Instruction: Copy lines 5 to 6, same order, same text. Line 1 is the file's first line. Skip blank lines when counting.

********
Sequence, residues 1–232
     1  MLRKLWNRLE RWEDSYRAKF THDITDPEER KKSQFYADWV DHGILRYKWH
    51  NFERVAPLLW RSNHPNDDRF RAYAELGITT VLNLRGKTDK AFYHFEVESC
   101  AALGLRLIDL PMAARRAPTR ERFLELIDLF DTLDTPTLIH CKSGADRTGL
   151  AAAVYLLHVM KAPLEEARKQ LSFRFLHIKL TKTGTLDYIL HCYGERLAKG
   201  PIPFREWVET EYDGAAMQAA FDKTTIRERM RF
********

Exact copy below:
   151  AAAVYLLHVM KAPLEEARKQ LSFRFLHIKL TKTGTLDYIL HCYGERLAKG
   201  PIPFREWVET EYDGAAMQAA FDKTTIRERM RF